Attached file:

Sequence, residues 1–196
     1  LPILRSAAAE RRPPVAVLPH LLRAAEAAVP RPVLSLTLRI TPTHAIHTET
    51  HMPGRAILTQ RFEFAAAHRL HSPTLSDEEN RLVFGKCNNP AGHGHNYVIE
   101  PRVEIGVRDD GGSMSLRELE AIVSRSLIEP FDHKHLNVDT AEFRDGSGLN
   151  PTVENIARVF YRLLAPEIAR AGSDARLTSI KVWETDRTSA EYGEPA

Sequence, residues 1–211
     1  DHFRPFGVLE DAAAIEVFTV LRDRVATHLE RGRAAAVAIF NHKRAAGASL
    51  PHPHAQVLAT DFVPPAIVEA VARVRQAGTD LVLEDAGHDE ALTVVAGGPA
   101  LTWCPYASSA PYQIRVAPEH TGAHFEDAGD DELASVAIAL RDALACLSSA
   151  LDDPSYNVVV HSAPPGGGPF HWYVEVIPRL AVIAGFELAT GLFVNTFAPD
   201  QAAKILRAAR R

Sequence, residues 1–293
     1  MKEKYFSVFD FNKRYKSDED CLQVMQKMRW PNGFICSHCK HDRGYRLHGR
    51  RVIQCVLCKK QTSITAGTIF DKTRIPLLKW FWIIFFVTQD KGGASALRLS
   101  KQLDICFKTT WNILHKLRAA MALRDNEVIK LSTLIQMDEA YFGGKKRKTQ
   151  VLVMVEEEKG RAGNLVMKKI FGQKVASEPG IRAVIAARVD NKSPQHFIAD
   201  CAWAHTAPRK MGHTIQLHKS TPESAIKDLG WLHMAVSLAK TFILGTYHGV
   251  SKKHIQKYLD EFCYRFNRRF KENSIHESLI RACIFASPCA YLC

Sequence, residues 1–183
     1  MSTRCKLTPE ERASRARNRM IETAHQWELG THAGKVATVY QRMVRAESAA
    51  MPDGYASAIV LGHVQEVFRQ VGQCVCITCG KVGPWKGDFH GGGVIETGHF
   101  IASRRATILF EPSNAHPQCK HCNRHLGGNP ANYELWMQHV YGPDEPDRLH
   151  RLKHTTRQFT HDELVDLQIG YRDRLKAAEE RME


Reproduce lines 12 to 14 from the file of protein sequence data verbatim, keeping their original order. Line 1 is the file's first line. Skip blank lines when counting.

Sequence, residues 1–293
     1  MKEKYFSVFD FNKRYKSDED CLQVMQKMRW PNGFICSHCK HDRGYRLHGR
    51  RVIQCVLCKK QTSITAGTIF DKTRIPLLKW FWIIFFVTQD KGGASALRLS